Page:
[nfbwatlk] FW: Dancing Dots Summer Presentations: Houston (TATN), Orlando (NFB), and Seattle (AHEAD): Accessible Music Technology
Noel.Nightingale at ed.gov
Mon Jun 13 16:05:18 UTC 2011
From: Bill [mailto:billlist1 at comcast.net]
Sent: Saturday, June 11, 2011 11:03 AM
To: billlist1 at comcast.net
Subject: Dancing Dots Summer Presentations: Houston (TATN), Orlando (NFB), and Seattle (AHEAD): Accessible Music Technology
Please forward the following information to anyone who might be interested
In addition to our presence at the Texas Assistive Technology Network in
Houston next week and the National Federation of the Blind convention in
Orlando next month, Dancing Dots will be giving a special presentation
sponsored by Washington State Services for the Blind in Seattle on July 11.
We will also present and exhibit at the 2011 AHEAD conference July 12-15.
For details on upcoming events, please see www.DancingDots.com and follow
"Training" link to our Conferences and Training Events page. Scroll down to
the heading that says:
Conferences, Presentations and Demonstrations
Here's a description of the presentation planned for July 11 in Seattle.
There is no cost to attend but you must contact Mr. Cho to reserve your
ACCESSIBLE MUSIC TECHNOLOGY FOR BLIND AND LOW VISION MUSICIANS AND AUDIO
Monday, July 11, from 1 to 4 PM at the offices of
Washington State Department of Services for the Blind
3411 S. Alaska St.,
Seattle, WA 98118
To reserve a place and for more information, contact:
Mr. Yang-su Cho
yancho at dsb.wa.gov
How do blind and low vision people read and write music? Can I read
magnified music notation while I play my instrument? Isn't that braille
music code impossibly hard to learn? How can blind producers make great
sounding records independently? How can blind and low vision people
participate in music groups with sighted musicians?
To learn the answers to these and related questions, you are invited to
attend a presentation given by Bill McCann, founder and president of Dancing
DotsR. This special presentation is sponsored by the Washington State
Department of Services for the Blind.
. Even if you consider yourself to be one of the singing-impaired,
join in with the group as we zip through Richard Taesch's 7 Little Steps to
Braille Music Literacy. You will receive instruction on reading actual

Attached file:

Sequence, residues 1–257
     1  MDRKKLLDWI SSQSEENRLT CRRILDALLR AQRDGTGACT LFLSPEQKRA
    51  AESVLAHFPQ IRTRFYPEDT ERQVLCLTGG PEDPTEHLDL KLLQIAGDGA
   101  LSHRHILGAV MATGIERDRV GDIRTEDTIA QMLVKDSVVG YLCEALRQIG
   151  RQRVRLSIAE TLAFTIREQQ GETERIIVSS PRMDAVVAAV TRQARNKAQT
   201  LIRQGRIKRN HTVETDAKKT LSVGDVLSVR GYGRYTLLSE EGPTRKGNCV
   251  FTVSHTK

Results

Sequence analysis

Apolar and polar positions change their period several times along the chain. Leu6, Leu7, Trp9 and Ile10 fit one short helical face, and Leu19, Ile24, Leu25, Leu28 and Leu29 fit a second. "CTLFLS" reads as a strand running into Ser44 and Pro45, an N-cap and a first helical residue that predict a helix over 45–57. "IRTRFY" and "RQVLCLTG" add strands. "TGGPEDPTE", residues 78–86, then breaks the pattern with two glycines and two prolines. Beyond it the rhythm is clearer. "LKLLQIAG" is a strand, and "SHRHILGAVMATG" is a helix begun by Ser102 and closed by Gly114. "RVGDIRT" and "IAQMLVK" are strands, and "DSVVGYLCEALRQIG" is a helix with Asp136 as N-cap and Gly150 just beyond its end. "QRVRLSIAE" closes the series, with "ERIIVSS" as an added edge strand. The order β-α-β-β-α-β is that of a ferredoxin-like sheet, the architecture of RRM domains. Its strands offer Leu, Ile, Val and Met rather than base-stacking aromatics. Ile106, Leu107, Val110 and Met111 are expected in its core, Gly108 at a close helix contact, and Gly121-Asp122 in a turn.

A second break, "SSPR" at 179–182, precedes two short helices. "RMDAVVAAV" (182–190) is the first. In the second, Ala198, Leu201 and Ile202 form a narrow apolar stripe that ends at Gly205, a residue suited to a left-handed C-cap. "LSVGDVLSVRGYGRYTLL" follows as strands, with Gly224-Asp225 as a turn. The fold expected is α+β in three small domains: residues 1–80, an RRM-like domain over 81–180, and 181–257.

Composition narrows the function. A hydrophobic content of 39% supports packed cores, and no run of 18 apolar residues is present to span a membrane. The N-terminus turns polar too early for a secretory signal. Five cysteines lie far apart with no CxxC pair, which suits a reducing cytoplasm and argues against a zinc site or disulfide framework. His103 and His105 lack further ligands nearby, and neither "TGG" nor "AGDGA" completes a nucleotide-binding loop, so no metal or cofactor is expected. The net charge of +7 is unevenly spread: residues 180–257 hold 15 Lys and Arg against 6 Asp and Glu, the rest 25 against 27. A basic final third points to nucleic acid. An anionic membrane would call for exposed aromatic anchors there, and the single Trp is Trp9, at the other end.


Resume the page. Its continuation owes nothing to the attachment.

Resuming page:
braille music. Through clapping out rhythmic patterns and singing simple
melodies, we will take the mystery out of reading braille music. Dancing
optional but not discouraged.
. Next, you will get an overview of how to use technology for
scanning/importing, editing and transcribing printed music into accessible
formats for blind and low vision students. Access methods include braille
music, magnified standard print music, and musical and verbal descriptions
of notes and chords.
. McCann will demonstrate how he can notate his own musical ideas,
proof and revise them, and finally print them out for sighted people to
perform his composition.
. You will witness a demonstration of The Lime Lighter music-reading
device and hear ideas on ways to use this new device to improve how low
vision people practice and perform music.
. In a very short time, you will learn how a hit record can be made by
a blind producer working independently. Well, OK, a record anyhow. You can
rate it on the good old American Bandstand "Rate-a-Record" scale of 35 to
98. Does it have a beat? Can you dance to it? (Again, dancing optional).
. There will be time for questions and answers and, if possible, for
you to try using the Lime Lighter and our other technologies.
. Feel free to bring print music scores with you that we can scan and
convert to your preferred accessible format: magnified staff notation,
braille music, or "talking" score. Bring your musical instrument along if
you would like to take a turn at reading braille or magnified print music
and maybe even to get a recording credit on the hit record we're going to
. See www.DancingDots.com for details and audio/visual presentations.
Founder and President of Dancing Dots since 1992
Tel:  610-783-6692
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